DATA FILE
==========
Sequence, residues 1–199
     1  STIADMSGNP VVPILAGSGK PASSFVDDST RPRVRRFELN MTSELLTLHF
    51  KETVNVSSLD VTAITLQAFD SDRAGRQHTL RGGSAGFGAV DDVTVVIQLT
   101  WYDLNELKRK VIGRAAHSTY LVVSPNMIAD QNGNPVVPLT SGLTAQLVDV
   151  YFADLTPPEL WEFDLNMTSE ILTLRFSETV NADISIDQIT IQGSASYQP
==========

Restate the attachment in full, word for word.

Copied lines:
Sequence, residues 1–199
     1  STIADMSGNP VVPILAGSGK PASSFVDDST RPRVRRFELN MTSELLTLHF
    51  KETVNVSSLD VTAITLQAFD SDRAGRQHTL RGGSAGFGAV DDVTVVIQLT
   101  WYDLNELKRK VIGRAAHSTY LVVSPNMIAD QNGNPVVPLT SGLTAQLVDV
   151  YFADLTPPEL WEFDLNMTSE ILTLRFSETV NADISIDQIT IQGSASYQP